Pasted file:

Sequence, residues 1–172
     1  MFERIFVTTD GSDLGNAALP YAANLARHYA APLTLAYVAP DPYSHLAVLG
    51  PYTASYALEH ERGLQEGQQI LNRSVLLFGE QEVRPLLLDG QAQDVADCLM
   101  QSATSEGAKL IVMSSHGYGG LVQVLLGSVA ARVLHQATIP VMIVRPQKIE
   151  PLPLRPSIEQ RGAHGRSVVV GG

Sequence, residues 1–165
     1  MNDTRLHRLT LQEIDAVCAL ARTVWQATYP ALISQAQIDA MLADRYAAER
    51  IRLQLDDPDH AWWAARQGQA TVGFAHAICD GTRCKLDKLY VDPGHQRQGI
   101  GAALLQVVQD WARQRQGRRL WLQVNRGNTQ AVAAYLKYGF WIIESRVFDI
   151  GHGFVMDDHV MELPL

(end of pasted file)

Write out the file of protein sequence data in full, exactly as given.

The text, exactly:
Sequence, residues 1–172
     1  MFERIFVTTD GSDLGNAALP YAANLARHYA APLTLAYVAP DPYSHLAVLG
    51  PYTASYALEH ERGLQEGQQI LNRSVLLFGE QEVRPLLLDG QAQDVADCLM
   101  QSATSEGAKL IVMSSHGYGG LVQVLLGSVA ARVLHQATIP VMIVRPQKIE
   151  PLPLRPSIEQ RGAHGRSVVV GG

Sequence, residues 1–165
     1  MNDTRLHRLT LQEIDAVCAL ARTVWQATYP ALISQAQIDA MLADRYAAER
    51  IRLQLDDPDH AWWAARQGQA TVGFAHAICD GTRCKLDKLY VDPGHQRQGI
   101  GAALLQVVQD WARQRQGRRL WLQVNRGNTQ AVAAYLKYGF WIIESRVFDI
   151  GHGFVMDDHV MELPL